Nick Clegg has accused Prime Minister David Cameron of “dereliction of duty” by blocking plans to make sex education mandatory in all schools.

A recent report found that half of all UK school pupils are being put at risk due to inconsistent sex and relationships education – while campaigners have warned that issues including sexuality, gender, consent and domestic violence are often not routinely covered in the limited provisions that are available.

Parliament’s Education Select Committee last year recommended that inclusive sex and relationship education (SRE) should become a statutory requirement in all schools as part of PSHE- but the government rejected the plans this month.

Sources suggested that Education Secretary Nicky Morgan had been in favour of accepting the proposals – but was blocked by David Cameron, sparking a minor Cabinet feud.

Writing in the Standard, former Deputy Prime Minister Nick Clegg slammed Mr Cameron for his role in blocking the change.

The former Lib Dem leader wrote: “The announcement flies in the face of a weight of evidence which shows learning about sex and relationships in schools helps protect young people from sexually transmitted diseases, sexual harassment and bullying, and unwanted pregnancies.

“The reason, as every parent or teacher knows, is obvious: the more you know, the more you can protect yourself.

“Four key House of Commons committees have recommended that sex and relationship education should be made compulsory.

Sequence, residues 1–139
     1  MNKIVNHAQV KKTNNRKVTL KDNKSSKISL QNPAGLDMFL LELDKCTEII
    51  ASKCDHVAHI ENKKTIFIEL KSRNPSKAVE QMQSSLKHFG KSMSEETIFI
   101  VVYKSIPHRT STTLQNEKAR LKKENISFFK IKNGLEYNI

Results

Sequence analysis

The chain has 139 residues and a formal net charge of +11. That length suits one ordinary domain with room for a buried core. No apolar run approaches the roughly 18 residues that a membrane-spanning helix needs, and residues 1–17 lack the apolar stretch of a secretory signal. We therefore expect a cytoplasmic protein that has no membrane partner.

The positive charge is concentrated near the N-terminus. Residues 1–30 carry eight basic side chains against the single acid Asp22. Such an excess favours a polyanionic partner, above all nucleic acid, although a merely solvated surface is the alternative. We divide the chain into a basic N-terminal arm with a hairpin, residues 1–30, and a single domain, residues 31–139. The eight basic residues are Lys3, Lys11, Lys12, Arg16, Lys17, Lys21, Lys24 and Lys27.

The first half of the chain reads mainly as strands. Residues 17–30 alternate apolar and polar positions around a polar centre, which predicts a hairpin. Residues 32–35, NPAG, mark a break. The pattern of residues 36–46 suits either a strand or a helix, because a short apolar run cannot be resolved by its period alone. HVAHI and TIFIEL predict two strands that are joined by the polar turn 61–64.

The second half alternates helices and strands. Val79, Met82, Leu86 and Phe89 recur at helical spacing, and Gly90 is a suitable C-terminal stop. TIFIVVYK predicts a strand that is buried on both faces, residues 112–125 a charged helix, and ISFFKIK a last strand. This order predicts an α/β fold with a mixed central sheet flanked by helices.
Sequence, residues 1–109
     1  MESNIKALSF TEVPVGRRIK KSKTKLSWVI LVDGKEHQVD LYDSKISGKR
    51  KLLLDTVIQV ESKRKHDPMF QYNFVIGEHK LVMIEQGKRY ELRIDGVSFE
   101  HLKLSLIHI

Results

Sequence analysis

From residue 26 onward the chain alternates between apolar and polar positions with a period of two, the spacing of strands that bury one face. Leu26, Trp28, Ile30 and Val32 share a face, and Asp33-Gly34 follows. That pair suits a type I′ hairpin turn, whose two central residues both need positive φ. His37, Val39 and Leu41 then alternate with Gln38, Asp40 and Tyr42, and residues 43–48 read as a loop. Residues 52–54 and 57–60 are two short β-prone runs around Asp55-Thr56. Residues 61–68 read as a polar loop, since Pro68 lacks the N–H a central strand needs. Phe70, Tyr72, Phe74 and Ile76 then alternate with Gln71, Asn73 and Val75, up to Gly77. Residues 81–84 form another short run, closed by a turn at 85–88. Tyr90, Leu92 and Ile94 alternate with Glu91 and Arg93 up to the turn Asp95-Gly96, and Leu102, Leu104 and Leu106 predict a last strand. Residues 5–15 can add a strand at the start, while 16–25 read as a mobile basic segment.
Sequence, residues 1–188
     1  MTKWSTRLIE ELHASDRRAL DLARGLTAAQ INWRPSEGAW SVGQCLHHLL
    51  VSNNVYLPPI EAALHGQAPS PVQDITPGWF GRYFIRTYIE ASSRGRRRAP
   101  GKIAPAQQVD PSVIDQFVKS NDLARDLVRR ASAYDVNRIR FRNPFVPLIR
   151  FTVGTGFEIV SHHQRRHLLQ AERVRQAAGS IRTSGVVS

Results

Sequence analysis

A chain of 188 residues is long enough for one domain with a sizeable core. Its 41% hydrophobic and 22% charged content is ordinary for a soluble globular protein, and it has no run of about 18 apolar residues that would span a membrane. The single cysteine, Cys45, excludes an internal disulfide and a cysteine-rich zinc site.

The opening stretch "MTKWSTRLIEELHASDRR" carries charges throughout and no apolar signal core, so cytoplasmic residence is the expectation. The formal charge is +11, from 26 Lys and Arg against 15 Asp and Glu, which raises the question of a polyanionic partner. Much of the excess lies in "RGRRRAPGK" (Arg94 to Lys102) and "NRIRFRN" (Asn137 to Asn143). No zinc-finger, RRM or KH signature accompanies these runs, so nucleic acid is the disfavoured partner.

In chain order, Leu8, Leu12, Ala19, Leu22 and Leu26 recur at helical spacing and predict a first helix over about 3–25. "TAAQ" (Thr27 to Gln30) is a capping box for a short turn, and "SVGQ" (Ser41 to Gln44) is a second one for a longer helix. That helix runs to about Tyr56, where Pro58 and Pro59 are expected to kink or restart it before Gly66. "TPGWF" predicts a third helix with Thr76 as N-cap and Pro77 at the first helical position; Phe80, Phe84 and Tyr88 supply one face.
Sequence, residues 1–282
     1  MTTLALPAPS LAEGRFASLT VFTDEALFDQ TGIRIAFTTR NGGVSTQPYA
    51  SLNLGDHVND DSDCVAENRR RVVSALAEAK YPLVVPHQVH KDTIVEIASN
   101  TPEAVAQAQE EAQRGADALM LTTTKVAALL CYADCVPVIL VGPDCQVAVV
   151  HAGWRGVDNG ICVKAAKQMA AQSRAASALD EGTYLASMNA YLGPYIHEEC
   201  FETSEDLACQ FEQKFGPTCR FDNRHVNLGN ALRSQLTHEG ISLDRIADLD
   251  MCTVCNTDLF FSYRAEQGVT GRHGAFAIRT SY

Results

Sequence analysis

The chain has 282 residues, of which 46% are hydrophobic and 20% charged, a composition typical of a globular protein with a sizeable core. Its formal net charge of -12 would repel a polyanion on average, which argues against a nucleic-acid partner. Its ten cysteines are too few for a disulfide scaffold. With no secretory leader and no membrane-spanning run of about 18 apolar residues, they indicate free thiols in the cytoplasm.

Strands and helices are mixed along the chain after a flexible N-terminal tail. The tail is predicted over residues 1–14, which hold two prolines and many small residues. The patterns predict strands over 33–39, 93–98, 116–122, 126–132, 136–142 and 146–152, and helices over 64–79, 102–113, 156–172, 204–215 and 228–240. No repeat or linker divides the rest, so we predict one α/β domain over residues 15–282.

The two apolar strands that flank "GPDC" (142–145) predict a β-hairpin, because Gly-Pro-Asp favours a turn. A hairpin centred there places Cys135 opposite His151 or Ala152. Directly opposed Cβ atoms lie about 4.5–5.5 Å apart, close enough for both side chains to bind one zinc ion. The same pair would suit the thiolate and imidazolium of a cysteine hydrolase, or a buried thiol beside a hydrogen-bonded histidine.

“It has also been backed by five teaching unions, the Children’s Commissioner, the Chief Medical Officer, the Association of Police and Crime Commissioners, two royal societies and six medical royal colleges.”

He added: “The fact is that by not talking to children about sex and relationships we are putting them at risk.

“So why has the Government ignored all the evidence and advice? Perhaps it is because of a misplaced belief that making sex and relationship education compulsory in free schools and academies would diminish their autonomy.

“I remember having a similar, fruitless argument in the last government with then Education Secretary Michael Gove about making careers advice and guidance compulsory — I was told then that it would offend the principle of school autonomy.”

But he continued: “The real reason, I fear, is [that] the Government simply doesn’t want to offend Conservative backbenchers and the Right-wing media, many of whom believe that talking to children about sex encourages a permissive, amoral attitude towards it.

“The Government has a duty to keep its citizens safe — and that is more important than ever when it comes to our children and young people. Ducking this issue may win them a few brownie points with the misguided moralisers but it is a dereliction of that duty.”

Writing for PinkNews previously, Education Select Committee chair Neil Carmichael insisted that “the most effective way of improving the sexual health of the nation is through education”, and that the government is “simply not doing enough” to push on the issue.

A Government spokesman told PinkNews: “Both Nicky [Morgan] and the Prime Minister believe it’s important that young people are properly prepared to succeed in modern Britain and schools have a key role to prepare them to do that. High quality PSHE is one way schools should be doing that.”